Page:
Metals and mining giant Rio Tinto plc (NYSE:RIO) can have more flexibility bypassing union members when tapping certain positions at a B.C. aluminum smelter, a labour arbitrator has decided.
Unifor Local 2301 filed four grievances against employer Rio Tinto over its hiring requirements for two April 2021 power engineer job postings in Kitimat, B.C.
Rio Tinto included fourth-class power engineer certification and a Level 1 water ticket as the minimum qualifications in the job listings.
The four workers at the centre of the arbitration say they should have been awarded the jobs.
The hiring dispute goes back to January 2020, with the original job postings requiring third-class power engineer certification, something the union said was too high, according to a recent decision.
As such, the job posting was replaced with a fourth-class certification requirement.
The union continued to push back, saying employees with a Grade 12 education could apply for the job if they underwent the internal training program.
Rio Tinto argued the fourth-class certification wasn’t a “nice-to-have” qualification but a requirement.
The four workers at the centre of the arbitration met the minimum qualifications for the power engineer learner program run by Rio Tinto, a process that a former chief power engineer at the company estimated takes about 2.5 years.
That includes 12 months to complete the course work, six months of job shadowing and then passing a provincial exam. Afterwards, the learners must then obtain a water ticket, a process that takes 1,800 hours.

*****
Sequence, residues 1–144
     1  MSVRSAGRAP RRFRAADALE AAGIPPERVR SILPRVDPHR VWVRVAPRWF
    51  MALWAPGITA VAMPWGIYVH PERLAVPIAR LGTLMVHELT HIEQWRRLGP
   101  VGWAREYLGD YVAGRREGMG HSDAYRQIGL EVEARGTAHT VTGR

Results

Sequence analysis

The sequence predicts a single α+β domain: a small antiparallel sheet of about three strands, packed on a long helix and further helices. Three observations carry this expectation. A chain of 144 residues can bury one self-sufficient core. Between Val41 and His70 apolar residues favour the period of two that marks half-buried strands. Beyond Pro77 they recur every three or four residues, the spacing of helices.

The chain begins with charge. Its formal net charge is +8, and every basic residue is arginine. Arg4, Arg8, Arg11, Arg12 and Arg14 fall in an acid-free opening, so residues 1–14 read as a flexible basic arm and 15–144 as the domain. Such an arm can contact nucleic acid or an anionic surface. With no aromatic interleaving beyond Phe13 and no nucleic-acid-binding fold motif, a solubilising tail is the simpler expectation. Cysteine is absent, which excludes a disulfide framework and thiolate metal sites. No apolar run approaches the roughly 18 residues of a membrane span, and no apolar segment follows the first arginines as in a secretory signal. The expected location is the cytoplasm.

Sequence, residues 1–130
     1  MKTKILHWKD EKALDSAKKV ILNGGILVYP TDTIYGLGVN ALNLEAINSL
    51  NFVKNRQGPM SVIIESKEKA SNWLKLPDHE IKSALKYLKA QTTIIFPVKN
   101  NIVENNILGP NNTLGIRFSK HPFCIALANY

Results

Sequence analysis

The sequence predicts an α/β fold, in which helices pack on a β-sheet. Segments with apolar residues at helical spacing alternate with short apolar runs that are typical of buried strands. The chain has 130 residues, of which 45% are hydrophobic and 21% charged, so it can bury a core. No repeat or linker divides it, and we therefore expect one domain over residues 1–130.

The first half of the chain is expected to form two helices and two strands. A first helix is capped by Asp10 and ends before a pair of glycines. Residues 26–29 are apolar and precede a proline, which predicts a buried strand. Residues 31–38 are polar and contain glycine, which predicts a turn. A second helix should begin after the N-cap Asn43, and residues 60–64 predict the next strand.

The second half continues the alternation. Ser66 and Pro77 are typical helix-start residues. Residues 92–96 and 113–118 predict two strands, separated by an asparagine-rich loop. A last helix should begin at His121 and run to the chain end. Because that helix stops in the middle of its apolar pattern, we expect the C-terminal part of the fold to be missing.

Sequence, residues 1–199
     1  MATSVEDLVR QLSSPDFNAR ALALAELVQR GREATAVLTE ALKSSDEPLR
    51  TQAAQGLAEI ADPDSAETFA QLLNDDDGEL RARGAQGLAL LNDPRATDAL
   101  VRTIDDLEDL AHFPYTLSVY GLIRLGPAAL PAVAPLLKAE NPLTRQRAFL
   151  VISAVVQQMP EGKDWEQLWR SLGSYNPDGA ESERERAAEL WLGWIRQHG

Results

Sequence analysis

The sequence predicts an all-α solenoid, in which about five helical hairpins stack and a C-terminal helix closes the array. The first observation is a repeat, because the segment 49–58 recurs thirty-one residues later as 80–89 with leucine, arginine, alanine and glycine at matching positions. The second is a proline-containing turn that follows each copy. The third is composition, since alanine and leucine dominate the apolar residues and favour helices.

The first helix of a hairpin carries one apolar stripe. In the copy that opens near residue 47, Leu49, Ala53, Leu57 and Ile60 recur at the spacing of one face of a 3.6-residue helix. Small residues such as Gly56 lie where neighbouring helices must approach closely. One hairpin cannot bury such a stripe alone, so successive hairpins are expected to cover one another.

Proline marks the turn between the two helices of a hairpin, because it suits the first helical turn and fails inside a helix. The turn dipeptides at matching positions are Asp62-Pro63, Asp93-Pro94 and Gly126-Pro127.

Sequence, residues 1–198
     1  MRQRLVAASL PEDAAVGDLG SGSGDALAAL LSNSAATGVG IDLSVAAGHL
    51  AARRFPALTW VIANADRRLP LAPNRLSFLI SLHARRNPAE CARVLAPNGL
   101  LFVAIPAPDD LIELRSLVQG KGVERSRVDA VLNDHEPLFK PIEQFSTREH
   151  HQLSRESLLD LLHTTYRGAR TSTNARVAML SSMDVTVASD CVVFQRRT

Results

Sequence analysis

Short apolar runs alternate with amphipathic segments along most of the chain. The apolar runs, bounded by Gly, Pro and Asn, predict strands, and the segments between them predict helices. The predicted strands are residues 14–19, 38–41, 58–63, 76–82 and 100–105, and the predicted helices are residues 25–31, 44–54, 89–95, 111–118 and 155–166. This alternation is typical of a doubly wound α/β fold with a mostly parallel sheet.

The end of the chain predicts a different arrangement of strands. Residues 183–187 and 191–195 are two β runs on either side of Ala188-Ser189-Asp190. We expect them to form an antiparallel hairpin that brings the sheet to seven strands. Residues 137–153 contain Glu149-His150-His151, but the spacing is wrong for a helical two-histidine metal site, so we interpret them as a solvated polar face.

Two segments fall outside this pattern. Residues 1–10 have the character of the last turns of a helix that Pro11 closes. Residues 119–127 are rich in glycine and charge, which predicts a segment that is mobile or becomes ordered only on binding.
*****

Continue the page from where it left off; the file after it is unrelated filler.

Former chief power engineer Quinlan Harris said seeking the power engineer certification and the water ticket at the same time would place extraordinary challenges on the learners.
A 1993 letter of understanding between the company and the union requires the employer to hire for power engineer vacancies by seniority among internal applicants with a minimum Grade 12 education or proof of the fourth-class certification.
The union argued the employer could only hire power engineers in two ways:
One would be to hire the senior internal applicant with Grade 12 completion or the certification course. The other would be to hire external applicants with the appropriate certification, but only in cases of “immediate need.”
“Absent that limited exception, the union asserts [power engineers] must be hired at the learner level and progress through their certifications while working in a [power engineer] learner position in the utilities department,” wrote arbitrator Amanda Rogers.
The union argued the company could get gas treatment centre operators through the power engineer certification process, but “this does not give these employees ‘super seniority’ to post directly into [power engineer] positions ahead of more senior employees who lack the certifications but meet the minimum requirements for the [power engineer] learner program.”
It further argued Rio Tinto should have foreseen vacancies among certified power engineers with enough time to put employees through the learner program so it wouldn’t have to circumvent seniority to ensure it had enough certified power engineers to legally operate.
Rio Tinto’s labour relations manager, Scott Blackman, argued the company was within its rights to set the minimum qualifications for a job and it didn’t believe it needed to amend the letter of understanding to allow those learners from the gas treatment plant to advance into power engineer jobs.
But union president Martin McIlwrath testified that the parties’ understanding was that entry into the utilities department as a power engineer was based on seniority and a Grade 12 minimum.
Ultimately, arbitrator Rogers sided with the employer.
She noted the letter of understanding “does not explicitly state that the learner progression is the only point of entry into the utilities department.”